Manganese ore has been a popular market for positioning and speculating in recent years, particularly in 2016 and 2017 when large profits were made by buying cheap manganese and squeezing stocks in ports. 

A smaller-scale attempt was made to repeat that effect in the chrome ore market, when traders amassed about 500,000 tonnes of chrome ore in Chinese ports in July 2017, compared with at least 1 million tonnes of manganese ore in October 2016. 

Although traders piled back into manganese later in 2017 and another rally ensued, most market sources doubt there is much scope for dramatic upside this year

Traders have been put off by the fact that manganese ore has been hovering at relatively high levels for most of the year, sources said. 

“The big risk takers are taking a wait-and-see approach on manganese. Traders... see significant upside on chrome, but on manganese they see a $1 upside and a $4 downside,” a manganese market source told Fastmarkets.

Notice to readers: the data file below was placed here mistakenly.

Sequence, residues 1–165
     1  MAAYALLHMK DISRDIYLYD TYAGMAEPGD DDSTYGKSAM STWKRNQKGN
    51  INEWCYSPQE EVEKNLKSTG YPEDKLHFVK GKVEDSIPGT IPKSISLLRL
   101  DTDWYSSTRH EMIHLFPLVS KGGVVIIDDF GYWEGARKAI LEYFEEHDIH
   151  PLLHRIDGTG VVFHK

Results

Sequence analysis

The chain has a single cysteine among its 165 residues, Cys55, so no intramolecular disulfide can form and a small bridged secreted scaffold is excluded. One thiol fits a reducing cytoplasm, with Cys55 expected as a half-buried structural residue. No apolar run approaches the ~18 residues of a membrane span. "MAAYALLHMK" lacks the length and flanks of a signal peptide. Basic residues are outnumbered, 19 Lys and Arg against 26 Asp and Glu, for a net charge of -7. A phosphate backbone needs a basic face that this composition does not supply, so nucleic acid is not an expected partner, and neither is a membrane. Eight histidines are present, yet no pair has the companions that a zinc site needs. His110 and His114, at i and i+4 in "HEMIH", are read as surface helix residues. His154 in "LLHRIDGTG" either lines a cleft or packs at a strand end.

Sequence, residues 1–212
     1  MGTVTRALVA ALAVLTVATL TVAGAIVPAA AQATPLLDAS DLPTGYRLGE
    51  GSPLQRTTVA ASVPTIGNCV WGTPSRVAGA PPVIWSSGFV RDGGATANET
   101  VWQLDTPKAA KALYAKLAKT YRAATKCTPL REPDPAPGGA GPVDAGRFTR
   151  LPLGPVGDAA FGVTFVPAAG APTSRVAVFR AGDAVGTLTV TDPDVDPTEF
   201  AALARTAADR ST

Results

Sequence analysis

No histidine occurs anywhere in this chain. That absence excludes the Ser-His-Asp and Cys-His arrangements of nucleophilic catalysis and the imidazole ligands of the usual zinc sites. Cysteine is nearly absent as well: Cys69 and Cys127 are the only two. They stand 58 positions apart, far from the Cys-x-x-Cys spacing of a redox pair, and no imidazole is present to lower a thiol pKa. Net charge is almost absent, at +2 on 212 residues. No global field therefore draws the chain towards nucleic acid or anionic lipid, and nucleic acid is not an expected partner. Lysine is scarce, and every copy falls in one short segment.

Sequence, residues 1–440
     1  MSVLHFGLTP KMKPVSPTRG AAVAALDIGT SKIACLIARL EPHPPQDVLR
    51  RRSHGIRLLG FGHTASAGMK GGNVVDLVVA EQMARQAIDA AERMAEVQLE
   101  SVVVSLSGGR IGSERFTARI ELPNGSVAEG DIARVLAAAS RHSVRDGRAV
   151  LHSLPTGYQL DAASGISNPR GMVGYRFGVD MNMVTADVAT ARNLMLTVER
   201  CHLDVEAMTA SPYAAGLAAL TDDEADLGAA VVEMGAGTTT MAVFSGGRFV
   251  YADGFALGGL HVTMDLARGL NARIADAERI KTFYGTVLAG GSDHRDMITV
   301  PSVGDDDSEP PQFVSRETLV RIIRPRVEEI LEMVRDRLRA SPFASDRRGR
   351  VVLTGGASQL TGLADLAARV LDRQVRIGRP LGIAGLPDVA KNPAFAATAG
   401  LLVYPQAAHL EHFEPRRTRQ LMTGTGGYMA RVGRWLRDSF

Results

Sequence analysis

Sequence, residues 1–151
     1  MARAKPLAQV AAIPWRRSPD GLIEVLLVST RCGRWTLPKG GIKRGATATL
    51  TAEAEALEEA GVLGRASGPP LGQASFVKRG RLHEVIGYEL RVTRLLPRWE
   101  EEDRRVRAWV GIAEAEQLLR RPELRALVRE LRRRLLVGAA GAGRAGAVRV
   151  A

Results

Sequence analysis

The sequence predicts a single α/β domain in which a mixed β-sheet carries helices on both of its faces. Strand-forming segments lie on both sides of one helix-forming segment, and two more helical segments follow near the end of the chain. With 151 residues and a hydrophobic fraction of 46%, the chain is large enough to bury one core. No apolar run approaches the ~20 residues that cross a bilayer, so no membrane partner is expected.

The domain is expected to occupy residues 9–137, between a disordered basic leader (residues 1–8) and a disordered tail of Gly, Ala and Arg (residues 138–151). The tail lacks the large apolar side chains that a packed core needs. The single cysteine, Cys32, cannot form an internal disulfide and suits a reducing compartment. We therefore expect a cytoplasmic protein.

Chrome looks more attractive because it is coming off a lower base and the market is significantly weaker than it was in the first half of the year, sources added. 

“Mostly, traders [see] a long way down on manganese but not much risk of chrome prices going lower,” a chrome trader told Fastmarkets MB.

Fastmarkets MB’s UG2 chrome ore index, cif China, was $172 per dry metric tonne unit (dmtu) on Friday October 19

The price traded as high as $245 per tonne in March and since dropping to $155 per tonne in August has been rising steadily ever since. 

Fastmarkets MB’s 37% manganese ore index, cif Tianjn, was $5.98 per dmtu on October 19.

This year, manganese has traded as high as $7.57 per dmtu and as low as $5.30 per dmtu, compared with a high of $6.76 per dmtu and low of $2.23 per dmtu in 2017. 

“It makes sense,” the trader added. “At $165-170 per tonne for chrome ore we are not going to see [it go] much lower, but with manganese ore at $6, there is a lot of risk. If you’re a Chinese trader you will want to take a position in chrome ore.”